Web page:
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Around the Bloc - 10 July

The important, interesting, or just downright quirky news from TOL’s coverage region. Today: mind control in Russia; an underwhelming Melania Trump statue in Slovenia; pensions in eastern Ukraine; suspicious deaths in Tajikistan; Romania makes no progress in fighting corruption. 10 July 2019

Russian Journalist Charged for Mind Control


A Siberian journalist became the first person to be charged under a new law penalizing media for publishing information “containing hidden insertions affecting the human subconscious," The Moscow Times reports, citing the daily Kommersant. Mikhail Romanov, a reporter for the Yakutsk Vecherniy weekly, was accused after making a reference to George Orwell’s “1984” novel in one of his articles that read: "This is a story about how anyone can be squashed by the government machine. It's also about how Big Brother is watching, reading all comments on online forums.” Fines for violating this law range between 2,000 rubles ($31) and 50,000 rubles ($785), and the case has been forwarded to a Yakutsk city court for consideration.



Wooden Melania Trump Divides Slovenia


In her native Slovenia, Melania Trump’s popularity has skyrocketed since her husband Donald Trump became president of the United States in 2016. However, some of the local tributes to the U.S. first lady might have missed their mark, the most recent one being “a life-size wooden statue of her [that] has appeared on the banks of a river near her hometown,” according to The New York Times. Sculpted out of a block of wood, the 2.7-meter (9-foot)-tall statue, which was unveiled in late June, has been compared to Smurfette, while some social media users said that it complemented Melania Trump’s wooden public appearances. In Sevnica, the central Slovenian town where Melania Trump grew up, local businesses have been sticking her name on all kinds of products, such as lavish breakfast desserts, pancakes, and honey jars "from Melania's home garden." The sellers can rest assured of their compliance with copyright laws as long as their merchandise is only called Melania, or Melanija, after her maiden name Melanija Knavs.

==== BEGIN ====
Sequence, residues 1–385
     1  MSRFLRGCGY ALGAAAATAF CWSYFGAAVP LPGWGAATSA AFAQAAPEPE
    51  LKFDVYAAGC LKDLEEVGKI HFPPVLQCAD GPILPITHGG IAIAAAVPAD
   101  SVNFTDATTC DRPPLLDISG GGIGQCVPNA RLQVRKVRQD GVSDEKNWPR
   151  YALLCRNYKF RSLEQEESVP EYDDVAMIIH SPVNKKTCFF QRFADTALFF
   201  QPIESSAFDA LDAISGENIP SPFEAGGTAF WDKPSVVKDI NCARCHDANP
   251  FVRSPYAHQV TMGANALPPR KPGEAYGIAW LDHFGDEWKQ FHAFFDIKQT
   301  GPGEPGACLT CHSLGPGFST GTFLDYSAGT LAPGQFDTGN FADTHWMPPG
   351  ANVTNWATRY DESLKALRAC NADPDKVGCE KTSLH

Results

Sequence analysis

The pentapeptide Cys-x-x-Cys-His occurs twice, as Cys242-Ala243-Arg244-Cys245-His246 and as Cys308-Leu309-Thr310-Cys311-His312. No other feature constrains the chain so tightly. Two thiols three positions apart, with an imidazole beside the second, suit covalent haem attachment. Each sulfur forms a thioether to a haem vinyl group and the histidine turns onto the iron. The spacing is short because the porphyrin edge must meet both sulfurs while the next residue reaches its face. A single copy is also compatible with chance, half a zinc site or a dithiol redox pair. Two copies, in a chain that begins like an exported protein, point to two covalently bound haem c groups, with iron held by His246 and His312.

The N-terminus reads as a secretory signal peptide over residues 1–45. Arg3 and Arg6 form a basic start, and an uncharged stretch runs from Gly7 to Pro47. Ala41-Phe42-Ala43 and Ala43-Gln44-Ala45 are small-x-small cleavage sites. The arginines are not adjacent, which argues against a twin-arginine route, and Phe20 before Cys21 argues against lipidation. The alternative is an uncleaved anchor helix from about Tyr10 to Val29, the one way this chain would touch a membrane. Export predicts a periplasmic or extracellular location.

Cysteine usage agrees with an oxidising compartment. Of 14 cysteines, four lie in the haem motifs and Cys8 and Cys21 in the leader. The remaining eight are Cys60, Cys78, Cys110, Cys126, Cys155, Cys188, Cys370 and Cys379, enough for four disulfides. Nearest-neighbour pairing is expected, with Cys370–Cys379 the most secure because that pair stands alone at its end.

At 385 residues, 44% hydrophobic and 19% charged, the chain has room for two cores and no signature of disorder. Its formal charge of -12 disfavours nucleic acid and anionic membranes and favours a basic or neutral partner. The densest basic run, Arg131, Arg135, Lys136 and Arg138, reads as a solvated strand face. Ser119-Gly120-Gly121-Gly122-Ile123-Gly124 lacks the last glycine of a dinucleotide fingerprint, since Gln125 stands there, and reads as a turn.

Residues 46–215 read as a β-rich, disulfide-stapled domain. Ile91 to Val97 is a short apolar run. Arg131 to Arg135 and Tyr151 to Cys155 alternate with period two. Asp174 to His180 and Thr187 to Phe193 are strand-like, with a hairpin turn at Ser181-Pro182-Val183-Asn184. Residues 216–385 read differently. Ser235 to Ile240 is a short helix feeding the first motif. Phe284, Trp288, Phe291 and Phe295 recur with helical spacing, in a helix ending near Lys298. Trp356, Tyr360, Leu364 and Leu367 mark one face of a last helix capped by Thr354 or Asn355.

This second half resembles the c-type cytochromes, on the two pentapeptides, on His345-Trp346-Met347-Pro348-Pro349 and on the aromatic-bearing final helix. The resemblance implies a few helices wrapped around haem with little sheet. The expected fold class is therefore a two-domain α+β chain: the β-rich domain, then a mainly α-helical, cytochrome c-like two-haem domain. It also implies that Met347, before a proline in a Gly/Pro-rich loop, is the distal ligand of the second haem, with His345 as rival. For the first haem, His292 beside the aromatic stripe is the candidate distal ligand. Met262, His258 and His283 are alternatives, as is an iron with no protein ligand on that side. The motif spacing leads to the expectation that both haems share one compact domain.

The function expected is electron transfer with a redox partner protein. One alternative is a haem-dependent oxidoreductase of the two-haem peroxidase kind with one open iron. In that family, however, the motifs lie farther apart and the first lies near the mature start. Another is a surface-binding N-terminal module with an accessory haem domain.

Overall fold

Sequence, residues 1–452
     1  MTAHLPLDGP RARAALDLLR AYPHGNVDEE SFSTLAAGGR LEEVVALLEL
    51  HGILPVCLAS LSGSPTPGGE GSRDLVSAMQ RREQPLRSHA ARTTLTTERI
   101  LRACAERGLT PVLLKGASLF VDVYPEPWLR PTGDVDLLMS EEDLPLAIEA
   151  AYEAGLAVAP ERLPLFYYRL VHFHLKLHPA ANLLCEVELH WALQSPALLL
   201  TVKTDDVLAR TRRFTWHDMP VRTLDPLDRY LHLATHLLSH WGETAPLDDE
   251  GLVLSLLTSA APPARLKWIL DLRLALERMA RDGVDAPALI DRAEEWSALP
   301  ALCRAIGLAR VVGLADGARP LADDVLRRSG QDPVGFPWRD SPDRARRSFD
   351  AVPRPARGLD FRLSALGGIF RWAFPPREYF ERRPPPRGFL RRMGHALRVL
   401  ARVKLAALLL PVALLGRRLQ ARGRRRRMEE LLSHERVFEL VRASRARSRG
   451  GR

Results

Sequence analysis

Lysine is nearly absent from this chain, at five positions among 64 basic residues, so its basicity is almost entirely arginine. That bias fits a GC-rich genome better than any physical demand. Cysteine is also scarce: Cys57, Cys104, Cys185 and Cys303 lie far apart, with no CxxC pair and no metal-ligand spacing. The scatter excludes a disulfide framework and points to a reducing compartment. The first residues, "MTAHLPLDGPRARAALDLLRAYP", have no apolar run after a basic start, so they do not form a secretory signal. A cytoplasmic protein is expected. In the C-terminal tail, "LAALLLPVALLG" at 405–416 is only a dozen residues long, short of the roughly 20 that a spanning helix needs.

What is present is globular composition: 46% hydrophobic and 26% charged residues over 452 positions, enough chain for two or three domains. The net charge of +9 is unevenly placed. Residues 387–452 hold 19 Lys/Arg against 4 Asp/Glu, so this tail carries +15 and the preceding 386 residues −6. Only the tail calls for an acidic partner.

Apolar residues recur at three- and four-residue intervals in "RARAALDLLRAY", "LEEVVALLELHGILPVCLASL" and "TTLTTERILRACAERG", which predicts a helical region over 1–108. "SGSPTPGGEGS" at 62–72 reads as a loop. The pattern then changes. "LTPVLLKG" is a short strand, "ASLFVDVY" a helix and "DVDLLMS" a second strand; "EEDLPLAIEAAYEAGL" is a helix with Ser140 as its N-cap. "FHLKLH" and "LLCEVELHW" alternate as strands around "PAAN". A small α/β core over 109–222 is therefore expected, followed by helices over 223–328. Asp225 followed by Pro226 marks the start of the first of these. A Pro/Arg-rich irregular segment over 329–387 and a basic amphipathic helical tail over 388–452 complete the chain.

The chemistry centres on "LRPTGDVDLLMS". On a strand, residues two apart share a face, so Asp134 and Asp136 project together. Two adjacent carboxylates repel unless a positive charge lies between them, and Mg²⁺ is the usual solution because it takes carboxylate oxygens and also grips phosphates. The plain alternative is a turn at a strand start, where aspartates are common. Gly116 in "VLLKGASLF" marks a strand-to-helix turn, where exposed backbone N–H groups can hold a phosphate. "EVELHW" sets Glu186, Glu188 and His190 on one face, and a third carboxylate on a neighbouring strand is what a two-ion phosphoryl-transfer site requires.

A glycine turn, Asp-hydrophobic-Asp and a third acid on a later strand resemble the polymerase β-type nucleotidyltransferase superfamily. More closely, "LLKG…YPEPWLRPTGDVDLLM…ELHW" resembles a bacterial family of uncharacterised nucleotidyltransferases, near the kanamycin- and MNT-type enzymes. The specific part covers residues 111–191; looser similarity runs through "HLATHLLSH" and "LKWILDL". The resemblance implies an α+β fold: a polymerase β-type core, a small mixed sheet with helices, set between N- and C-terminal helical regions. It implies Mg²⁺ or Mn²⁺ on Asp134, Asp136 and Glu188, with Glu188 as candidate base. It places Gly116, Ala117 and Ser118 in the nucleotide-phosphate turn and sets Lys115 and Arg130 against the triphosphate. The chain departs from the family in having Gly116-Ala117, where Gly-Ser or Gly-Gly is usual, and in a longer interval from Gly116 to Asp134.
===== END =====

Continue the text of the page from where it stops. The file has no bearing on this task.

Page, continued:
The controversial statue. Image via the.independent/Instagram.



Pensioners Caught in Eastern Ukrainian Crossfire


Adding to the daily hardships of living in a conflict zone, senior citizens from the Donetsk and Luhansk regions in eastern Ukraine have to jump through a number of loopholes to collect their pensions. International NGO Human Rights Watch has addressed a letter to Ukrainian President Volodymyr Zelenskiy asking him to end “discriminatory policies and practices that affect the way older people living in those areas can access and collect their pensions.” These include the requirement for Donetsk and Luhansk residents to register as internally displaced persons in government-controlled areas, as well as to maintain residential addresses there, and to cross the border into those areas at least once every 60 days, a trip that can last an entire day. Failure to respect these conditions could result in the loss of the pension. “Current practices have an enormous, negative impact on older people, but it doesn’t have to be this way,” Rachel Denber, deputy Europe and Central Asia director at Human Rights Watch, wrote in the letter. “The government can and should remove its bureaucratic hurdles to pension collection.”



Romania’s Anti-Corruption Drive ‘Globally Unsatisfactory’


Two reports released on Tuesday concluded that Romania has made "very little progress" to prevent corruption in its government. “The reports evaluated Romania’s previous responses to the Group of States against Corruption or GRECO's recommendations and concluded that Romania had only fully complied with just over a quarter of the recommendations issued in two previous reports,” Euronews writes. One of the moves criticized by the Council of Europe’s anti-corruption body GRECO was the creation of a special prosecutor's section for the evaluation of the judiciary, which one of the GRECO reports qualified as “in full contradiction to GRECO’s recommendation, which is a deeply worrying development,” since the body could interfere in “sensitive high-profile cases.”



Food Poisoning or Something Else? 


Some relatives of 14 recently deceased inmates in Tajikistan have been questioning the official cause of death, which was food poisoning due to eating spoiled bread, RFE/RL writes. The mother of one inmate told RFE/RL "there wasn't an unharmed place left" on the body of her son, while the relative of another inmate said his face was covered in bruises and there was a wound on the back of his head, "as if he was beaten with a hammer." The official explanation was that the inmates ate the bread while being transported from prisons in the northern province of Sughd to other jails in Dushanbe and in the southern part of the country. However, an unnamed expert on penitentiaries told Asia-Plus, as cited by Eurasianet, that this version seems unlikely. “Moving such a large quantity of prisoners in road transport creates a huge flight risk,” he said. “And if it was absolutely necessary to transport prisoners in vehicles, they should have been fed warm food before departing from Khujand and not on the way.”

Compiled by Ioana Caloianu
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